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Ryan McGaughey/Daily Globe John Landgaard stands at the front of the Worthington High School Media Center with a PowerPoint presentation with FLY statistics.

Flexible Learning Year report shared in public meetings

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News Worthington,Minnesota 56187
Daily Globe
Flexible Learning Year report shared in public meetings
Worthington Minnesota 300 11th Street / P.O. Box 639 56187

WORTHINGTON -- Over the course of two public meetings on Monday, about a dozen parents and community members heard District 518 Superintendent John Landgaard report on the first two years of the Flexible Learning Year (FLY) calendar.


Plans for applying to continue the schedule in 2013 and beyond were also presented to two groups that included a handful of school board members and local administrators.

District 518 is part of a 25-school regional consortium that received permission nearly three years ago from the Minnesota Department of Education to begin the academic year prior to Labor Day and end by Memorial Day.

"We had a joint meeting on Nov. 7 in Tracy to discuss the current FLY, and the school board must confirm our commitment to continue by Jan. 31," said Landgaard at the noon meeting in the Worthington High School Media Center. "Our application would then be sent in to the Minnesota Department of Education on Feb. 1, and we would have a response from the state by March 15."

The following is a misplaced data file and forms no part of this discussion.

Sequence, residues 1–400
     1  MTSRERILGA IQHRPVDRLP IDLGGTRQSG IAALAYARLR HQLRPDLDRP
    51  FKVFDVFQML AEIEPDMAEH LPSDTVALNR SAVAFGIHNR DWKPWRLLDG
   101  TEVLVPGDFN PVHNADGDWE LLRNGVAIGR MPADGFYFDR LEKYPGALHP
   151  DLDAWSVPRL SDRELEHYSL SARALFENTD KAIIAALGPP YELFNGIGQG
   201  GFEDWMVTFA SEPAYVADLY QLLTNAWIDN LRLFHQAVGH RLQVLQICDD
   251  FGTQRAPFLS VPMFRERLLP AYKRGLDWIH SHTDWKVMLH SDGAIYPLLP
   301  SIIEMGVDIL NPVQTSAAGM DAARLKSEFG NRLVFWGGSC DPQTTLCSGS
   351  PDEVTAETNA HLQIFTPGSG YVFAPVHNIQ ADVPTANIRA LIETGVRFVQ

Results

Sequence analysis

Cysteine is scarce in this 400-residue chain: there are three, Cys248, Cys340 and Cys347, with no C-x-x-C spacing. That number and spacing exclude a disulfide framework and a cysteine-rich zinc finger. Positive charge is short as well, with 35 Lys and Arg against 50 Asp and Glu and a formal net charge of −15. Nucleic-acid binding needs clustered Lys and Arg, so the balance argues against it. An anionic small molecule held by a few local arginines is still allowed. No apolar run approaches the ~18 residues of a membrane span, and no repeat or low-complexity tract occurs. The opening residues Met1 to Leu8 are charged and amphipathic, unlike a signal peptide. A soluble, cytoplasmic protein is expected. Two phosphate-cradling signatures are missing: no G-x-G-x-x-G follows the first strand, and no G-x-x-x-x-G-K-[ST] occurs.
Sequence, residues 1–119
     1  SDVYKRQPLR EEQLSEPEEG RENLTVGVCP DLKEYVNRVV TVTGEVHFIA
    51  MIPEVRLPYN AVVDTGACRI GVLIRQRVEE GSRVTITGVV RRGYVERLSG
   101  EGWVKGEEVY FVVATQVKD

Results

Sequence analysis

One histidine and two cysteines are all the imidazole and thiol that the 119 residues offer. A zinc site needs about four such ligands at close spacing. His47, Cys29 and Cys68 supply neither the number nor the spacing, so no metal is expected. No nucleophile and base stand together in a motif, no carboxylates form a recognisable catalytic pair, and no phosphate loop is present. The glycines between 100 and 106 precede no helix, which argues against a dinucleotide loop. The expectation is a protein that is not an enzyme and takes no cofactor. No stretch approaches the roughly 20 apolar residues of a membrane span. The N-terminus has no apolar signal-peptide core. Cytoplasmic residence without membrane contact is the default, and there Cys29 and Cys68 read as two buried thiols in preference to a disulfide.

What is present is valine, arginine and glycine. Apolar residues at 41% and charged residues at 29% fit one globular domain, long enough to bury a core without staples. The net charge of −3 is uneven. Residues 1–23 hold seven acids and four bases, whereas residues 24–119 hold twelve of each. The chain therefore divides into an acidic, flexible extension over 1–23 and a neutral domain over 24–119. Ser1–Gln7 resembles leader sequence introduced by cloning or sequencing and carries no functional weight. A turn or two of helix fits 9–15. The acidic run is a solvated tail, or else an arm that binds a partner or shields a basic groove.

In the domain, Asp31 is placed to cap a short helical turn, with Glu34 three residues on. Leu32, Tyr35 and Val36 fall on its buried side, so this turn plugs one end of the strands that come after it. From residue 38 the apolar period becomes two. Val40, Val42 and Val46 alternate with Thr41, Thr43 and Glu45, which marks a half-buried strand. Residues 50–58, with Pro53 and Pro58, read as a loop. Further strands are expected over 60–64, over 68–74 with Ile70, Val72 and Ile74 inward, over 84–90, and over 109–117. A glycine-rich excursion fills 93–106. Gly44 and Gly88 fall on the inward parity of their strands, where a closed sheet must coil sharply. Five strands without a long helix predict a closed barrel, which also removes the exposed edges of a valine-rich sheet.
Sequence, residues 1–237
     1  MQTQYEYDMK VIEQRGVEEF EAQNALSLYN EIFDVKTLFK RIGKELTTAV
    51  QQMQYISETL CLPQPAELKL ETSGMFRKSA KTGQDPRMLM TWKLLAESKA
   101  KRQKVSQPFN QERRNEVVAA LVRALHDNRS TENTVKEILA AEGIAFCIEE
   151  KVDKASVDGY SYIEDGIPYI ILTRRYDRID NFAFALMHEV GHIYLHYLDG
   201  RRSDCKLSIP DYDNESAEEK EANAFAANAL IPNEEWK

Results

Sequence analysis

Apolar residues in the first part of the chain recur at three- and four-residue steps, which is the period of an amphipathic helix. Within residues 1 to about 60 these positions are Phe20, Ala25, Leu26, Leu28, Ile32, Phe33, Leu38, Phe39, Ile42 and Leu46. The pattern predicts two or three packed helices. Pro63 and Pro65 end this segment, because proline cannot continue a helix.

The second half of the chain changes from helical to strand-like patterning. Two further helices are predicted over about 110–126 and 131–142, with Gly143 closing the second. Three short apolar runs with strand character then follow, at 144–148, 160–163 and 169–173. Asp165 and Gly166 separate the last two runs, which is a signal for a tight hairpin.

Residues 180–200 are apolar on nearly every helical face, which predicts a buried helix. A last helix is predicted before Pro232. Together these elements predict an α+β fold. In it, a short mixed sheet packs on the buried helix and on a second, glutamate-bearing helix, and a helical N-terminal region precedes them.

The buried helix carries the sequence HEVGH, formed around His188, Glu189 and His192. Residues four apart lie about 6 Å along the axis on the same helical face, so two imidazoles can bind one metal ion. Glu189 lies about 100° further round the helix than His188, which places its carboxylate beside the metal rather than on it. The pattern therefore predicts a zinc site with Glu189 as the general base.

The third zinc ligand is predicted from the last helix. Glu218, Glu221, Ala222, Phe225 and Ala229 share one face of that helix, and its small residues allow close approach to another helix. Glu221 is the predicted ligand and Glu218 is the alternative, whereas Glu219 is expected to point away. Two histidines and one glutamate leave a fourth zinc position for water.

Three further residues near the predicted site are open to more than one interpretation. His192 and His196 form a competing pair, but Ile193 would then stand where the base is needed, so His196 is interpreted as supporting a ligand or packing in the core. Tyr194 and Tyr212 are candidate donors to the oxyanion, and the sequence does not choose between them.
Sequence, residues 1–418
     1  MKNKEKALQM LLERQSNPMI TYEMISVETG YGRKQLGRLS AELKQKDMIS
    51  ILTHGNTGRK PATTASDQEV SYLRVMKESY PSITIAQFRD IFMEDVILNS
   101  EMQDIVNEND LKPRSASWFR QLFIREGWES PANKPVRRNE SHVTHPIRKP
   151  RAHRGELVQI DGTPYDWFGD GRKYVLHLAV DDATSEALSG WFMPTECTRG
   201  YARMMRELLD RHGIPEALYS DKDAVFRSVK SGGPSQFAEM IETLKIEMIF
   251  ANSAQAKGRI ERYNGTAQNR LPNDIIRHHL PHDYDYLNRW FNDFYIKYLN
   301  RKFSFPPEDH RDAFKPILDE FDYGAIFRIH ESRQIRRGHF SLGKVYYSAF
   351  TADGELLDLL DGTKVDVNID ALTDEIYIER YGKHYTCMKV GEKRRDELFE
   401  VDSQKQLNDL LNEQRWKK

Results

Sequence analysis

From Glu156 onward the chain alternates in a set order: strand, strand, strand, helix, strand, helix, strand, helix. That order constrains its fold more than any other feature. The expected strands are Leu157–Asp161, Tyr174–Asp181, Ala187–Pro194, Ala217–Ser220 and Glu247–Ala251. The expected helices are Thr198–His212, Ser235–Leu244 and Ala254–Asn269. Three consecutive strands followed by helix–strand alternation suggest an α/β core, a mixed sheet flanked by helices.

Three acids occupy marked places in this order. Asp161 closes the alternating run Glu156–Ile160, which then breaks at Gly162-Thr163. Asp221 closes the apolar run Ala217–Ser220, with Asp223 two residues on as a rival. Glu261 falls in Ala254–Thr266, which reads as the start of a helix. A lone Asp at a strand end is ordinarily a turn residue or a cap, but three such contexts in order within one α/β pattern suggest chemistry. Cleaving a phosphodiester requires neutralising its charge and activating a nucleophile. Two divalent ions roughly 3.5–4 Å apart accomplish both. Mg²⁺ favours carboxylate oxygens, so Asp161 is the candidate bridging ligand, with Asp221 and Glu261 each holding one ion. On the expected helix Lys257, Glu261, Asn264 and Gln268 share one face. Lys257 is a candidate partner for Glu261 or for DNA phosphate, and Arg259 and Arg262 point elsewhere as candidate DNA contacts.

Under the plan, classes would commence in District 518 on Aug. 19, 2013, with the second semester due to start Jan. 6, 2014.

FLY originated with a vision to improve and make systemic changes to student achievement, Landgaard explained with the aid of a PowerPoint presentation.

The program's goals included creating more high-impact learning time for students prior to high-stakes assessments and to enable improved staff collaboration and development among the 25 school districts' roughly 1,400 teachers.

"The hypothesis was that by June 30, 2013, the consortium would see increased student achievement and established professional learning communities," said Landgaard.

With two years' worth of test results now available, Landgaard shared the data for both the entire consortium and for District 518 specifically.